Sharemarkets in New Zealand and around the world continue to show extraordinary resilience in the face of adversity.
The NZX-50 index finished yesterday at 11,223, well up from its March low of 8498.7.
At that level it is less than 1000 points short of its record high of 12,064 set in February - not bad for an economy which, according to the Reserve Bank, is about to experience its biggest fall in GDP for 160 years.
In the United States, even as it grapples with civil unrest, Covid-19 and an unemployment rate set to be the highest in history, the Dow Jones Index has been gaining ground, even if it is still well short of its peak.
In Australia, the sharemarket hit a three-month high on the same day that the country reported its first contraction in GDP since the March quarter of 2011, pointing to what is likely to be its first recession since 1991.
End-of-quarter changes in MSCI indices worldwide have produced contortions in several stocks here and internationally, which Salt Funds managing director Matt Goodson says highlights the role that automated trading plays, as funds adjust their holdings in accordance with stocks' weightings in the MSCI.
He says that in broad terms, the general surge in the markets has taken place in the face of numerous difficulties on the earnings front - such as the unrest in the US - and the fact that interest rates appear to have bottomed out at very low levels.
"There seems to be a wall of money designed to buy equities at the moment," says Goodson.
However, he puts some of the more pronounced changes in stock prices down to "machine style trading".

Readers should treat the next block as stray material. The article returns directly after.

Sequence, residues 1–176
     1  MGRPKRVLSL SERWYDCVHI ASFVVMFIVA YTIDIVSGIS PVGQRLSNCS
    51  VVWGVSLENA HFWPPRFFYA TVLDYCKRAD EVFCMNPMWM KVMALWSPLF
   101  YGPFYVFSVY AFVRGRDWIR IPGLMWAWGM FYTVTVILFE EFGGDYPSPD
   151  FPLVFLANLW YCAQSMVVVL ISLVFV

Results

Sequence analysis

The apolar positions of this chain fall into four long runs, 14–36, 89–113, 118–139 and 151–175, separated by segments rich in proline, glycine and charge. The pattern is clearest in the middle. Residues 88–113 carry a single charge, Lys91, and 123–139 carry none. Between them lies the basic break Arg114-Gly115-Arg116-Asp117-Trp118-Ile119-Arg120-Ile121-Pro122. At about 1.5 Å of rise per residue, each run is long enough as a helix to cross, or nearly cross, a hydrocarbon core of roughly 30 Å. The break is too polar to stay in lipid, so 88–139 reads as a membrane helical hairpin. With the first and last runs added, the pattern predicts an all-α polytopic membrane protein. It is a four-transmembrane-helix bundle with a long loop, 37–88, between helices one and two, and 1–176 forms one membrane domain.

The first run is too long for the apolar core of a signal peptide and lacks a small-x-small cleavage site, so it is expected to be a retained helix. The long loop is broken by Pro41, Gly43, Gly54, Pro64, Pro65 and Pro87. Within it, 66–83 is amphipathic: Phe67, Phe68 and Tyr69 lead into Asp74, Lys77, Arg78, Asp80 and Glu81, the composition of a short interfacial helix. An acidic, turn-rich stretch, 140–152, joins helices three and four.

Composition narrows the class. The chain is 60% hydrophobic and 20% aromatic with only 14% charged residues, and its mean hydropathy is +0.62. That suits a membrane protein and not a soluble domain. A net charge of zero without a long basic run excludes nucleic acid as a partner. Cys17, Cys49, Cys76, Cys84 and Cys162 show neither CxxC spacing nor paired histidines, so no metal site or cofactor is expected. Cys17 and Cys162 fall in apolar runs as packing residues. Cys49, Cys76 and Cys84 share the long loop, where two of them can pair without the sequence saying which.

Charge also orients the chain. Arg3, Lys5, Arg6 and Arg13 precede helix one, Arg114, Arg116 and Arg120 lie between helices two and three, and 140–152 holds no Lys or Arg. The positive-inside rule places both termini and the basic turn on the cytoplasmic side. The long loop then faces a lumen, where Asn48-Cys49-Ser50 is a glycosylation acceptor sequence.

For example, the NZX-listed retirement village company Ryman fell from $12.92 to $12.10 on May 29 as it was downweighted in the MSCI, only to bounce to $13.25 on June 2.
"It shows you just how prevalent that sort of money is in the market."
Goodson says the increased presence of retail investors has played a part in the markets' resilience.
"Globally they have been a real factor, and we have seen that in the US with [financial services company] Robinhood recording massive increases in volumes - heavily skewed to the buy side," says Goodson.
"On the one hand, the market is perhaps looking forward a couple of years, which is quite bold.
"On the other hand, with interest rates being crushed and people getting nothing on their term deposits, in some sense they have been pushed into equities," he says.
"The problem is that the forward price/earnings ratio of the market is at never-before-seen levels.
"The real test will be in a month or two's time, when mortgage holidays start to roll off and as the work subsidy scheme becomes less generous," Goodson says.
"That will be the real test for the economy and perhaps for the market."
MIEPAY goes public
New Zealand financial technology company MIEPAY has raised A$3.3m in an initial public offer on Australia's National Stock Exchange (NSX).
The NSX, an alternative to the ASX, focuses on start-ups and mid-sized companies.
Chairman Roger J Kerr said the money raised would largely be used to fund the growth and development of MIEPAY's two business units: digital payment solutions provider IE Pay; and e-commerce platform IE MALL.
Kerr said that with Australia and New Zealand making progress towards containing the Covid-19 virus, now was the ideal time for MIEPAY to go public.
"While we can't necessarily say how individual industries – let alone specific companies – are going to fare in the coming months, we can expect economic activity to pick up as restrictions around travel and retail trading ease, and we can certainly say that digital payments and e-commerce are very likely to make up an ever-increasing share of that economic activity," Kerr said in a statement.
InvestNow breaks $500m
Investment platform InvestNow has reached more than $500m under management.
The online platform offers clients free access to a range of more than 140 funds managed by 23 underlying investment firms across a range of asset classes and countries.
General manager Mike Heath says hitting the half-billion mark in just over three years since launch proves the potential in the previously under-served direct investment market in New Zealand.
"When InvestNow launched early in 2017, self-directed fund investors had very little choice – and what options they had were expensive and inefficient," Heath says.
InvestNow had also expanded on the back of two key strategic purchases: the Rabobank fund platform in April 2018; and buying the AMP Capital direct client book this year.